Leon likened the story to the president and the expectations Americans may have of him. People have illusions about the nation and about God, the pastor said, and urged the congregation to open its eyes not “to the God we have created, but to who he really is,” he said.
Just before the announcements, the congregation laughed when a young boy ran to the front of the church and took a good look at the Obamas.
From USA Today-
President Obama and his family attended church services today, and the president received some political sympathy from the pulpit.
At one point, the Rev. Luis Leon of St. John's Episcopal Church spoke of the expectations placed on Obama when he came to office -- how people expected a "messiah" who could cure all of the nation's ills.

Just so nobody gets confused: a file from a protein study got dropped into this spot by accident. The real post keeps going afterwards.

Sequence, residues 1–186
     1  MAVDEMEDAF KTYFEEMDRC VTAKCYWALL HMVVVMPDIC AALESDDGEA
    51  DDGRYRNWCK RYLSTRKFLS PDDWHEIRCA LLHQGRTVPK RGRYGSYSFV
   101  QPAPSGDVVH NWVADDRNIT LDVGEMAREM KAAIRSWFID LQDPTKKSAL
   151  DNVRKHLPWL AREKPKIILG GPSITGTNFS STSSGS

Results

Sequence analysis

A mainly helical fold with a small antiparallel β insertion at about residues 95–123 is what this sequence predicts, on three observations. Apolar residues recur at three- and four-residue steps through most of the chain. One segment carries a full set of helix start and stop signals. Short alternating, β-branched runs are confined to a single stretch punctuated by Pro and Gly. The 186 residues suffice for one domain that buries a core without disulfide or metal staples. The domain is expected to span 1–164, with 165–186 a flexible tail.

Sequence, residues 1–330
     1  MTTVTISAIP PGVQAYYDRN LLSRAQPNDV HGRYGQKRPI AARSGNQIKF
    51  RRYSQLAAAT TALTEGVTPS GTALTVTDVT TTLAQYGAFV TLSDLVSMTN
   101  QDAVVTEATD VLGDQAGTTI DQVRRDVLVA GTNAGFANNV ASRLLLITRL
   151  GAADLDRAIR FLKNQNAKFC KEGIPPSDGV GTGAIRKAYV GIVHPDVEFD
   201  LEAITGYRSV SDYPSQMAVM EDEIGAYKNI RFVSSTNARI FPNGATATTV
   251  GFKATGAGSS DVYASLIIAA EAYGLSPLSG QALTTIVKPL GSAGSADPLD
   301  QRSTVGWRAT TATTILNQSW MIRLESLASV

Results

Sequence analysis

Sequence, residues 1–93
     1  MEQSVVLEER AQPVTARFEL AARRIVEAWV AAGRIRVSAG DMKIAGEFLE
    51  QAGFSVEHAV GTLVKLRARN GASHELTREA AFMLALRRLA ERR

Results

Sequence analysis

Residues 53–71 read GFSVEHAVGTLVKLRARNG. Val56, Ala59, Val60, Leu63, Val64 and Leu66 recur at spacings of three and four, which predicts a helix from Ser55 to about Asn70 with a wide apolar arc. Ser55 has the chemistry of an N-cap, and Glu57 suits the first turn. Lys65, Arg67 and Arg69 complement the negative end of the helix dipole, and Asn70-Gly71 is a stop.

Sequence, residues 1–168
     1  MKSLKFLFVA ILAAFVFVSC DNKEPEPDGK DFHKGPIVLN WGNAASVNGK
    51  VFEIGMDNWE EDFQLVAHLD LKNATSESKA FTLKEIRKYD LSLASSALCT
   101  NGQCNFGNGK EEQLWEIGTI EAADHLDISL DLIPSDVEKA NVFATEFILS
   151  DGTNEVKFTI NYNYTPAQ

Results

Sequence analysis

Now we know it's not so easy, Leon said.
"This is not a political diatribe by the way," he added. "It's simply stating the obvious."
From the pool report:
At 11:03 a.m., temperature is chilly, but the sky is crystal clear as the smartly dressed first family leaves the White House and start their walk -- holding hands -- through Lafayette Park toward St. John's Episcopal Church on 16th Street N.W. Malia especially stands out in pinkish Sunday dress with white trim at the bottom and burgundy leggings. First Lady is wearing beige-looking heavy coat, while Obama's outfit is his customary dark.
Sunday, December 11, 2011
Rev. Anna Frank sparkled Friday night as hundreds of family members and friends surrounded her for her retirement party. Frank wore a glittering purple shirt, a red skirt and beaded Athabascan moccasins to the occasion where attendees honored her work with the Episcopal Diocese of Alaska.
Members of the Diocese organized a party for Frank’s retirement, which was technically a resignation. As Bishop Mark Lattime said, priests can’t retire.